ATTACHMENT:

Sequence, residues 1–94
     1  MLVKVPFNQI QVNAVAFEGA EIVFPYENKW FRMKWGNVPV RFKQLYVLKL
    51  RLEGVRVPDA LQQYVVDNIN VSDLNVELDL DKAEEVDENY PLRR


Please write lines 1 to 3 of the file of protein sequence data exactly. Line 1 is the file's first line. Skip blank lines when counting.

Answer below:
Sequence, residues 1–94
     1  MLVKVPFNQI QVNAVAFEGA EIVFPYENKW FRMKWGNVPV RFKQLYVLKL
    51  RLEGVRVPDA LQQYVVDNIN VSDLNVELDL DKAEEVDENY PLRR